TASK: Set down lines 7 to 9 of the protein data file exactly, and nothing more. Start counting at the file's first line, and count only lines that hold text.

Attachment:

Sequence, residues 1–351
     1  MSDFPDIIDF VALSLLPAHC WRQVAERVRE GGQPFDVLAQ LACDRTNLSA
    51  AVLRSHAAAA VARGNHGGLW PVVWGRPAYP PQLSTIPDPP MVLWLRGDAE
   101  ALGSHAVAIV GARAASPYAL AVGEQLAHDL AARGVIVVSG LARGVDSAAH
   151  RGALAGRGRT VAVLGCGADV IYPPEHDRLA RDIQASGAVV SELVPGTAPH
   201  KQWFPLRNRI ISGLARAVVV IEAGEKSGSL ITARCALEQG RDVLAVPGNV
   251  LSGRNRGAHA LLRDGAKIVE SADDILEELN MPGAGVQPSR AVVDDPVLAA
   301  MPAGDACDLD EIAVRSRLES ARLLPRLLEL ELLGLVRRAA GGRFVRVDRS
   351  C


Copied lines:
   251  LSGRNRGAHA LLRDGAKIVE SADDILEELN MPGAGVQPSR AVVDDPVLAA
   301  MPAGDACDLD EIAVRSRLES ARLLPRLLEL ELLGLVRRAA GGRFVRVDRS
   351  C